Reuters has accessed a document, which was submitted by Payment networking giant Mastercard to its US based authorities in June. In the document, it is alleged that Prime Minister Narendra Modi is using Nationalist sentiments to promote indigenous payment networks such as RuPay, which is creating issues for American digital payment companies.
In a written reference to Modi’s stance, Mastercard told the Office of the United States Trade Representative (USTR) on June 21 that the Prime Minister “associated the use of RuPay cards with nationalism, claiming it serves as ‘kind of national service’.”
Since 2016, Prime Minister Narendra Modi is strongly encouraging people to use cashless modes of transaction such as credit card, debit card, online payment through apps etc. At the same time, he has been encouraging people to use Indian payment networks such as BHIM app and RuPay card for the purpose, so that the transaction fees remains with the Nation, which could be later used for country’s overall development.
As a result of Prime Minister’s open endorsement, now more than a half of India’s 1 billion debit card holders use RuPay as the payment service, which has become a major cause of worry for foreign companies such as Mastercard and Visa.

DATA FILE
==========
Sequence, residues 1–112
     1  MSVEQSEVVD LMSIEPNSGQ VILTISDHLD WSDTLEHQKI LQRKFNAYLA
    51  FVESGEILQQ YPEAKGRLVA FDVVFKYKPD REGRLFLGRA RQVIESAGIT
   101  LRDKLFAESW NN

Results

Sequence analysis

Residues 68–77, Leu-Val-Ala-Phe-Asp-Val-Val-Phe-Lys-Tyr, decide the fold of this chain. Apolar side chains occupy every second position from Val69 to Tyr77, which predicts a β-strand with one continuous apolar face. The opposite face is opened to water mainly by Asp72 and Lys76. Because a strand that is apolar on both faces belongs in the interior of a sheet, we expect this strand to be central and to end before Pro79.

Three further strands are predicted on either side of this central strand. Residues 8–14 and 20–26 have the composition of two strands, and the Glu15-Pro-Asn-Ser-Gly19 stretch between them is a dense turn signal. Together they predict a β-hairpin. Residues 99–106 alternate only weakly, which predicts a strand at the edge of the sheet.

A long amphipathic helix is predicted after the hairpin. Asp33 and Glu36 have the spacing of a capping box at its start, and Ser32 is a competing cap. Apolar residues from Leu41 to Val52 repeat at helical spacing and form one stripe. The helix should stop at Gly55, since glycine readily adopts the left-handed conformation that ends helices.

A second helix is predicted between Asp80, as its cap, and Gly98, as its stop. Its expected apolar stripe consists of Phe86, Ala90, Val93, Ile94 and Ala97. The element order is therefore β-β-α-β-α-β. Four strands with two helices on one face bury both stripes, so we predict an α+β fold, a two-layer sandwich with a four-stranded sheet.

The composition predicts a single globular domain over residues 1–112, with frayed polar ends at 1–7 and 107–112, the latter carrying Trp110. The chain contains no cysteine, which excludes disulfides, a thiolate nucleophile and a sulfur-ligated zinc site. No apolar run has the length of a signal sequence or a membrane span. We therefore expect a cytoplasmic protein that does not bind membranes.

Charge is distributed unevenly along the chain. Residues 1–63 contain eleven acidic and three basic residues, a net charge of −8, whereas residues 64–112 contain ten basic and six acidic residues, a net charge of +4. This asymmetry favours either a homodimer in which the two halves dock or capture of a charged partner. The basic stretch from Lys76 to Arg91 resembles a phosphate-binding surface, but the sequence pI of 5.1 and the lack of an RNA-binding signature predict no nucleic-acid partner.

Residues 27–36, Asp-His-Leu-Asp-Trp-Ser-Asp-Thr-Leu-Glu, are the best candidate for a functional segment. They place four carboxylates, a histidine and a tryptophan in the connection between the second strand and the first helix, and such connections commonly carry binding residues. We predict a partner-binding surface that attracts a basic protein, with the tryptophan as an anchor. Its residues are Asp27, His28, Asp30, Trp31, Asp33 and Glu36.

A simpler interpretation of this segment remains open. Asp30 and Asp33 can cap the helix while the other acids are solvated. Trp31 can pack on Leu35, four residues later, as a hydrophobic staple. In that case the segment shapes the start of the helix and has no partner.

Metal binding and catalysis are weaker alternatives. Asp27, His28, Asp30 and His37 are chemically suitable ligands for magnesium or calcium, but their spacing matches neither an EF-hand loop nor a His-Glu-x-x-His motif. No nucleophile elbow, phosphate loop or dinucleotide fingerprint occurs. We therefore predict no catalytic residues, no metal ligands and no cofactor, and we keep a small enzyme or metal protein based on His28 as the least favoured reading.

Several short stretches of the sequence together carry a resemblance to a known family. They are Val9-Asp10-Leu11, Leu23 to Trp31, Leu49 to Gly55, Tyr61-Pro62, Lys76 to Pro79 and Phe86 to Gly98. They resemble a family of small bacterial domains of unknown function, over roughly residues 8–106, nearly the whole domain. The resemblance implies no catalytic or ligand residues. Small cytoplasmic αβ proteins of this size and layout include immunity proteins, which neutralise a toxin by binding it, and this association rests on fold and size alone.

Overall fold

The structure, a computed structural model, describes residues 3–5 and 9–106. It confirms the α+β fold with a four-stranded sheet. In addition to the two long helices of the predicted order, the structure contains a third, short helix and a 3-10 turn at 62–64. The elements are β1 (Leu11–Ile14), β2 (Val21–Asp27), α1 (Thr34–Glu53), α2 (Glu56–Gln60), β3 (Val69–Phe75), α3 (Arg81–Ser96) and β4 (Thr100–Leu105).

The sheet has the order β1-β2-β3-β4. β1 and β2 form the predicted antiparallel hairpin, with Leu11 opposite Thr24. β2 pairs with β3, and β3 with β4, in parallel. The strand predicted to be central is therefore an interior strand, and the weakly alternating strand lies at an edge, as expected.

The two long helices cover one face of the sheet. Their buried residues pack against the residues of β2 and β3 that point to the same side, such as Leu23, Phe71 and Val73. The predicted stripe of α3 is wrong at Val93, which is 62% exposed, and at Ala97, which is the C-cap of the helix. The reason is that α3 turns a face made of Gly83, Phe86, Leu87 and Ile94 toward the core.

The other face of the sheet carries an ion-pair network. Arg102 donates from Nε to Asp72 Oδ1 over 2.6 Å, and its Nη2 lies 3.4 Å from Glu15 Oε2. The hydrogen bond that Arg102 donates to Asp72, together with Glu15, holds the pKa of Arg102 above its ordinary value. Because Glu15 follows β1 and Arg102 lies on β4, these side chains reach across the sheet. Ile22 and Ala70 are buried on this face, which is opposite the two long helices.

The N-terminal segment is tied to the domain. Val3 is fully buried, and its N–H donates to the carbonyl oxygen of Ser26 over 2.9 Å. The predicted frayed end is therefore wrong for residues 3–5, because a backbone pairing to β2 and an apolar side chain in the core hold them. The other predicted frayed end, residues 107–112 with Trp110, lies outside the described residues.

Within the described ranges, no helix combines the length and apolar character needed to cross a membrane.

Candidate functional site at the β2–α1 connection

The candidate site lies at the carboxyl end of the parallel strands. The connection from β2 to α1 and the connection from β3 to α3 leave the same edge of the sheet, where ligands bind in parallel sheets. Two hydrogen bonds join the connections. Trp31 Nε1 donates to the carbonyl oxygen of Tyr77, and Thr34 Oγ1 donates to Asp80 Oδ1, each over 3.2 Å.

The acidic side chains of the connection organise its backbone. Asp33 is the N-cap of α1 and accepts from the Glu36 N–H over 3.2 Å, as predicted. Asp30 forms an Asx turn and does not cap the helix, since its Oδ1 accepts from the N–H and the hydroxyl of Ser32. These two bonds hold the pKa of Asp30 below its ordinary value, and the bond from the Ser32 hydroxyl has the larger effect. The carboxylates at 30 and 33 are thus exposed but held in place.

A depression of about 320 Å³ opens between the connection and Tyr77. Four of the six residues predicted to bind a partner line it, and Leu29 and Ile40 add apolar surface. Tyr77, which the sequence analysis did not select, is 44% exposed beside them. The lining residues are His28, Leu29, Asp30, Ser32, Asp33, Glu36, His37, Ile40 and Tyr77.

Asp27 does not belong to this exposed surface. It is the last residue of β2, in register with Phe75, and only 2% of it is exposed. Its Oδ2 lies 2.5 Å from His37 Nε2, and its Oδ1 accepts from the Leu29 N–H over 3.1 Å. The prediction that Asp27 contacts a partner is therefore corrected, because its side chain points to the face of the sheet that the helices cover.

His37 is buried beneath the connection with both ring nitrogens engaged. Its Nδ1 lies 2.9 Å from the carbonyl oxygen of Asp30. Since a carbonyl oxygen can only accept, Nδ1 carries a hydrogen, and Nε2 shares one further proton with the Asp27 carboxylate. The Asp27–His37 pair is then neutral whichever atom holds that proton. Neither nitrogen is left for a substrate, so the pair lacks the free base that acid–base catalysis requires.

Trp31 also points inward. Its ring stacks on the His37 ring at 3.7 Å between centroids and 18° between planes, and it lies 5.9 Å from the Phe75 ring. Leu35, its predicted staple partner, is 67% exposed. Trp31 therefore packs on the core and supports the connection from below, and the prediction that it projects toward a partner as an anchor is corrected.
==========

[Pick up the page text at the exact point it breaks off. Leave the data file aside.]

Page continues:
The note which was sent by a Mastercard Vice President for Global Public Policy, Sahra English to US authorities clearly states that Prime Minister Narendra Modi’s open endorsement of RuPay and other indigenous systems is creating issues for them.
“Increasing rhetoric from the prime minister and government mandates on promotion and preference for RuPay … continues to create market access issues for U.S. payments technology companies,” Mastercard said in the note.
In the note, the payment giants further proposes to the US authorities that Indian Government’s preferential treatment of RuPay must be discontinued. “The Indian government’s preferential treatment of RuPay coupled with fallacies on pricing must be discontinued,” it says.
However when contacted by Reuters, Mastercard said in a statement it “fully supports” the Indian government’s initiatives and is “deeply invested” in the country. The company did not comment on its USTR note and its executive Sahra English did not respond to questions.
For long, US based companies in India have been accusing Prime Minister Narendra Modi’s government of implementing protectionist policies. Earlier this year, the US technology companies had also protested against an Indian law that would require them to store more data locally, raising their costs.